Western Australian Parliament outlining the public health implications of a piece of legislation/regulation
You are required to write a submission to the Western Australian Parliament outlining the public health implications of a piece of legislation/regulation and make recommendations for changes (if any).
The topic for this assessment in 2015 is:
Prostitution Bill 2011 (regulatory approach for sex work in Western Australia)
This legislation was proposed but due to internal debate within the government has not progressed beyond its second reading to be voted on.
This assessment requires you to review a range of materials to inform your argument including transcripts from Hansard (written records of parliamentary discussion and debate), peer-reviewed articles, opinion pieces and media stories.
You are required to think critically, examine a variety of viewpoints and develop an argument based on the available evidence. Your submission should present your information, point of view and supporting evidence or reasons clearly, precisely and as succinctly as possible.
The submission should be referenced (minimum 20 peer-reviewed references).
When writing your submission you should:
Include an opening paragraph with a summary of your main points (this is not an introduction but a summary of your submission);
Indicate why you are for or against the proposed reforms;
indicate whether you are for or against any specific measures in the reforms;
summarise any changes you want and indicate why (with reference to evidence).
There are some example submissions under Additional resources below along with some background information to better understand the topic.
Please use standard research paper formatting in conjunction with the instructions above and the marking key to ensure to achieve a high mark.
Your submission should be in third person. As your arguments should be based on evidence the following statements may be useful for you to use:
The evidence suggests that
A study of this approach in New Zealand found an increase in
The legislation may result in according to
The implications of this aspect of the reforms could be
Background information: Prostitution Bill 2011 and sex work regulation
Purpose of the Bill
The purpose of this Bill is for an Act to prohibit prostitution from residential areas and limit the number of permitted prostitution businesses to a small number of appropriately located areas subject to stringent regulation. The Bill will repeal theProstitution Act 2000, theProstitution Amendment Act 2008 and theProstitution (Restraining Orders) Regulations 2000; and amend certain other Acts.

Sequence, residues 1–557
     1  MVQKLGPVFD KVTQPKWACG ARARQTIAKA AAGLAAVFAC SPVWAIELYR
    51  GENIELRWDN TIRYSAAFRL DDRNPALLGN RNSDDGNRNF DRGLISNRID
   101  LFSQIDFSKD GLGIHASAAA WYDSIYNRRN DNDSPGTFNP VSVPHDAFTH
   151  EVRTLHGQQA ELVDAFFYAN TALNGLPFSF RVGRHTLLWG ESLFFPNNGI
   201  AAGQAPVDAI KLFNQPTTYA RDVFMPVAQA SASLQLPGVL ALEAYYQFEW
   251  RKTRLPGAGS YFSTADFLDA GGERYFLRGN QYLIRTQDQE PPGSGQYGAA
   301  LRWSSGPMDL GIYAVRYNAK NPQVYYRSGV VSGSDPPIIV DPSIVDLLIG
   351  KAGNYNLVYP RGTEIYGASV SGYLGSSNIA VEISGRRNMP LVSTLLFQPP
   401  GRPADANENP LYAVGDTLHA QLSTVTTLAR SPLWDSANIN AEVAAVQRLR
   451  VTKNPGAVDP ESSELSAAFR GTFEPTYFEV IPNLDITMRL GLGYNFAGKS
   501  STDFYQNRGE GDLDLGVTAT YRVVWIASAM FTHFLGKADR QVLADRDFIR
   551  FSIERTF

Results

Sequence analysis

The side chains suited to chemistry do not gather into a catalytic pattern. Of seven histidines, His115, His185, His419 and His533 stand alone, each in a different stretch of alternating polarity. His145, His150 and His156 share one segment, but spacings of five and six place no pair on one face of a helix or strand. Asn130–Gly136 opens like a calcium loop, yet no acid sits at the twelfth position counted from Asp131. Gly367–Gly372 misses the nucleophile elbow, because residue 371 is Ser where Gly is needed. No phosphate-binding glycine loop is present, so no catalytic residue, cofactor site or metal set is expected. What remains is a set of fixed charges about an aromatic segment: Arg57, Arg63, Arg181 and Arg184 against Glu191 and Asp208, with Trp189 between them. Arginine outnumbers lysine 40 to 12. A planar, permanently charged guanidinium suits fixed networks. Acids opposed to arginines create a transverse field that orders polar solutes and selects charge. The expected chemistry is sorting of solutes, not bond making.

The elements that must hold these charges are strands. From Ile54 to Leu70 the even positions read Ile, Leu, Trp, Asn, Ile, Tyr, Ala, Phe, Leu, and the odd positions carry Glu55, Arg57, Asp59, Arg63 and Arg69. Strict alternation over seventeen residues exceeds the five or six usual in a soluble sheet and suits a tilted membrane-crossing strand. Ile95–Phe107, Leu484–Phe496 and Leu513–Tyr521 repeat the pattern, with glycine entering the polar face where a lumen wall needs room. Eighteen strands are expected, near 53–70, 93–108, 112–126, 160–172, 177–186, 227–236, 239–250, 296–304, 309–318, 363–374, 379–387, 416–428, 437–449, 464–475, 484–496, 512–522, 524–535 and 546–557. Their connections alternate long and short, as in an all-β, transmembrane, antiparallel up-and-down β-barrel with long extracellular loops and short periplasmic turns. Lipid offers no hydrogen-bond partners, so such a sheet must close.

The Bill itself can be read here (this includes an explanatory memorandum as well as the actual legislation which can be heavy going but worthwhile reviewing to see what legislation looks like):
Prositution Bill 2011
The following speech from the then Attorney General Christian Porter which outlined the proposed changes:
Porter, C. (2010) Prostitution Legislation Reforms: Statement by Attorney General [ASSEMBLY Thursday, 25 November 2010] Extract from Hansard, Parliament of Western Australia.
Perspectives on Sex Work
Not everyone agrees about how sex work should be addressed. The following articles provide a variety of opinions including public health, feminist and those of sex workers themselves. There are other perspectives as well. You might like to think about what these might be.
Weitzer, R. (2009) Legalizing Prostitution: Morality Politics in Western Australia. British Journal of Criminology, 49; 88-105.
Donovan, B., Harcourt, C., Egger, S., Schneider, K., OConnor, J., Marshall, L., Chen, M.Y., & Fairley, C.K. (2010). The Sex Industry in Western Australia: a Report to the Western Australian Government. Sydney: National Centre in HIV Epidemiology and Clinical Research, University of New South Wales.
Outshoorn, J. (2005) The Political Debates on Prostitution and Trafficking of Women. Social Politics, International Studies in Gender, State and Society, 12(1); 141-155.
Farley, M. (2004) Bad for the Body, Bad for the Heart: Prostitution Harms Women Even if Legalized or Decriminalized. Violence Against Women, 10(11); 1087-1125.
Scarlet Alliance, Australian Sex Workers Association (2010) Whose safety? Regulation of the sex industry in Western Australia. HIV Australia, 8(4); 24-26.
Example Submissions: Income Inequality
In 2014 students wrote submissions in response to the Senate Inquiry into the Extent of Income Inequality in Australia.
Example parliamentary submissions [PDF]
Example Submissions: Fracking
In 2012 students wrote submissions in response to proposed environmental regulations Petroleum (Submerged Lands) (Environment) Regulations 2011 (this related to hydraulic fracturing of unconventional gas also known as fracking).
Example parliamentary submissions [PDF]